Why Volunteers Are Central To Search And Rescue Efforts In Wisconsin
When a hiker goes missing in a forest or a senior with dementia wanders away from a nursing home, who searches for them and under what authority? Or when authorities suspect that a person may have drowned in a lake, how do they go about recovering any remains?
In the United States, there is no single answer to these questions. Search and rescue operations and the rules and laws that govern them are as varied as the states and local jurisdictions where they are conducted.
One aspect that's nearly universal, however, is a heavy reliance on volunteers. With rare exceptions, such as in some large National Parks or maritime settings, volunteers are the backbone of state and local search and rescue apparatuses. This reliance holds true even in places with robust public systems to support search and rescue operations. But how volunteers are trained, deployed and legally protected can differ significantly.
The national search and rescue landscape
There are two broad approaches to search and rescue in the U.S. With some significant exceptions, these sets of policies differ between the western and eastern halves of the nation.
Generally, the more mountainous western states — with their vast unpopulated expanses and challenging terrain — have more developed and systematized approaches to search and rescue.
In California, for instance, a bevy of regulations dictate everything from how local authorities activate a search, to whether and how law enforcement agencies can be reimbursed for their expenses, to what training and protections are required for volunteers.
"Each sheriff in California has a uniformed volunteer organization that is trained to state guidelines for the types of searches that are required," said Chris Boyer, executive director of the National Association for Search and Rescue, a national nonprofit that provides training for search and rescue volunteers and advocates for laws that offer financial protection to volunteers and their families.
At the other end of the spectrum is Texas. Despite its vast geography posing some similar logistical challenges to those found in California, the Lone Star State lives up to its "Wild West" reputation when it comes to search and rescue practices.
Texas code provides some protections for search and rescue dogs and allows state workers to receive pay for time spent away from their regular duties for training or while volunteering on an active search. However, Texas requires no specific training or certification for volunteers, and no state or local agencies are given sole authority to call or organize a search.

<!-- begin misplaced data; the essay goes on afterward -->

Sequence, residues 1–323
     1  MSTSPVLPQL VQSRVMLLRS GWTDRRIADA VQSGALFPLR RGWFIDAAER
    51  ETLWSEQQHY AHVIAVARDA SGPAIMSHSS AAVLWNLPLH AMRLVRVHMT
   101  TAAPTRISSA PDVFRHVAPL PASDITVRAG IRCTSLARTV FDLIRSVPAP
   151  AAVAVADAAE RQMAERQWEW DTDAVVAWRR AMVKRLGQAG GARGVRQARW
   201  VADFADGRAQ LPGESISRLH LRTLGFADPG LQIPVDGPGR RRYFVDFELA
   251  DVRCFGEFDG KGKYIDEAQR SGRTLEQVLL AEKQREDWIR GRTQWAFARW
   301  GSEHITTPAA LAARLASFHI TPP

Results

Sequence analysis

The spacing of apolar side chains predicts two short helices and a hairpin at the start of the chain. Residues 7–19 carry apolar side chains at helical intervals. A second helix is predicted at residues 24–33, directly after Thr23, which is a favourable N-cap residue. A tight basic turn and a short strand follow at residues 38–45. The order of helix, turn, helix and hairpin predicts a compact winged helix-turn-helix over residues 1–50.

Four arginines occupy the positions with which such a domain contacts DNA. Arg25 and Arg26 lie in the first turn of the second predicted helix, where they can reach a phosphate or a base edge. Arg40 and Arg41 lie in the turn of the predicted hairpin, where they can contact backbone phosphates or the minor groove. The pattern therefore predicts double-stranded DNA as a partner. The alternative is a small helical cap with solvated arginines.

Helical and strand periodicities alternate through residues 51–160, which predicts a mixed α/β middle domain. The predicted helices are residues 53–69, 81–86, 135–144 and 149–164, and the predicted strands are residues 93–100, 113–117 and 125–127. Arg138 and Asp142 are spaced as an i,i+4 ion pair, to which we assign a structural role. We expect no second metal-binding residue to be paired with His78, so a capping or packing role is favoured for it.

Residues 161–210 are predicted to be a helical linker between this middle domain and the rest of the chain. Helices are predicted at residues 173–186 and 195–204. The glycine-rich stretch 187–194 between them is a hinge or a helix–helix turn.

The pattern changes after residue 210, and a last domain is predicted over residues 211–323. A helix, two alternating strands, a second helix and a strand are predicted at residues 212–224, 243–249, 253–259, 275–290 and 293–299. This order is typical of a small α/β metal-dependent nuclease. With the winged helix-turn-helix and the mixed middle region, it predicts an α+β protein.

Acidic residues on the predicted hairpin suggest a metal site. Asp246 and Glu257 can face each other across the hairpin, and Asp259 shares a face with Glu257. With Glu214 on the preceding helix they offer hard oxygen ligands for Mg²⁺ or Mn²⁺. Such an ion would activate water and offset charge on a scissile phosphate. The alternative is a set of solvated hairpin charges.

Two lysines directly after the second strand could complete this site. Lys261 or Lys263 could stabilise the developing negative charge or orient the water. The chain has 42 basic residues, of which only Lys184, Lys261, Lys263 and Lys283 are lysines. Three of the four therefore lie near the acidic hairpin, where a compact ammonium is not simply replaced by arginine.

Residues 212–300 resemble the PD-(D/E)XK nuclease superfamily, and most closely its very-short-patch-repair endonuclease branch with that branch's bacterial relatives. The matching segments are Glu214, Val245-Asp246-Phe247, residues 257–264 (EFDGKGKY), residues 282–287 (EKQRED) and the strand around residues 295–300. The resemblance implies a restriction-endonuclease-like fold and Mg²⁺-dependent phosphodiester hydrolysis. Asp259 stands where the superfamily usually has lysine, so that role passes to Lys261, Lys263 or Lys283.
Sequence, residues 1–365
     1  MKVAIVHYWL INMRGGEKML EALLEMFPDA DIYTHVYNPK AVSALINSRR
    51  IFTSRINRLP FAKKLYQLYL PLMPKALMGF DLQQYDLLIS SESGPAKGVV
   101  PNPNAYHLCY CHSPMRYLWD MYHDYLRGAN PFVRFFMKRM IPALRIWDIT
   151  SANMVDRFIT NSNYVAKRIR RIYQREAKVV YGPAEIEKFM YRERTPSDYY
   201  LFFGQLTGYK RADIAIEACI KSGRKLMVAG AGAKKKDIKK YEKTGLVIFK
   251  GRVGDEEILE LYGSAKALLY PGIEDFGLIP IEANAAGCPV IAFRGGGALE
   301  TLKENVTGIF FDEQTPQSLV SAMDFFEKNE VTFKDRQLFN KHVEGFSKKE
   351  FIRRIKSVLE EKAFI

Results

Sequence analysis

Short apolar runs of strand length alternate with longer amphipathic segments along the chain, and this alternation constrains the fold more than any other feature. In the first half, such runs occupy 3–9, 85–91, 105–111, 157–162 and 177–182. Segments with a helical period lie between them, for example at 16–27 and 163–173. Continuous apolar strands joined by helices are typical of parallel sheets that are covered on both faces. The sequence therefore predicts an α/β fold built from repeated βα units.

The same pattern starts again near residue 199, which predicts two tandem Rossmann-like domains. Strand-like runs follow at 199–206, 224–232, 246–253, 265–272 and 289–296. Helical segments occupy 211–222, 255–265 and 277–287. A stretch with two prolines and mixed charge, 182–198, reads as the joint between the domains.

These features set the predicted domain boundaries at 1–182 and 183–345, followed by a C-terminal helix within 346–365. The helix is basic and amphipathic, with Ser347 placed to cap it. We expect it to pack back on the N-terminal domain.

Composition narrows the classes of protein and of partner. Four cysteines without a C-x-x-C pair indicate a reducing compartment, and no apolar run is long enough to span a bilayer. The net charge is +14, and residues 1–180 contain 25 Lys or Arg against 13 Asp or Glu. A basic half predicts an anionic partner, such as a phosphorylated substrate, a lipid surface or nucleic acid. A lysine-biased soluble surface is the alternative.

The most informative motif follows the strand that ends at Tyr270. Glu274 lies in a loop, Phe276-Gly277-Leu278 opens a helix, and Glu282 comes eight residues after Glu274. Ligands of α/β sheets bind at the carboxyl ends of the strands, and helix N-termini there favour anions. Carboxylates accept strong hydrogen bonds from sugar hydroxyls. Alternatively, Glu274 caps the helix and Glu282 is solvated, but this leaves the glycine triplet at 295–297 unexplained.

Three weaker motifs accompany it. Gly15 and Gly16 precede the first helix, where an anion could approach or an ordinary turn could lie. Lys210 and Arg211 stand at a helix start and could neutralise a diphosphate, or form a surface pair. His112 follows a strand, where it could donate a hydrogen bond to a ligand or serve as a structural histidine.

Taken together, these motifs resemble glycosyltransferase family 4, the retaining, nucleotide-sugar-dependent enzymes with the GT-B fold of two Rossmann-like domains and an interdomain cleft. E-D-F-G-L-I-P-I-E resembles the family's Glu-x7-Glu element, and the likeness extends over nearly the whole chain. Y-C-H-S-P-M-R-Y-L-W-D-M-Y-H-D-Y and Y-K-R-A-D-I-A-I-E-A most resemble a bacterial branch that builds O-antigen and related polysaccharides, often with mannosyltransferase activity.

"None of the sheriffs have any responsibility for it," said Boyer, who lives in Texas. "What's happened in Texas is a huge number of advocate groups have sprung up."
There are hundreds of these groups in the state, Boyer explained — their territories overlap, they train differently, they compete and their volunteers have no legal protections. These groups often work directly on behalf of families, rather than at the direction or in concert with local law enforcement. While many of these organizations are altruistic and require rigorous training, some demand payment for their services or are comprised of volunteers with little or no training.
Boyer cited California and Texas as extreme examples of the national search and rescue landscape.
"Every place else in the U.S. falls in the middle somewhere," he said.
How search and rescue works in Wisconsin
Wisconsin's approach to search and rescue reflects elements of both California’s highly-regimented system and Texas's hands-off approach.
State law offers few rules and regulations pertaining to how search and rescue operations should unfold, and it doesn't set training requirements or protections for volunteers, who are often among the first responders on a scene of a search or rescue. However, Wisconsin code does stipulate that county sheriffs are the designated authorities to "conduct operations … for the rescue of human beings and for the recovery of human bodies."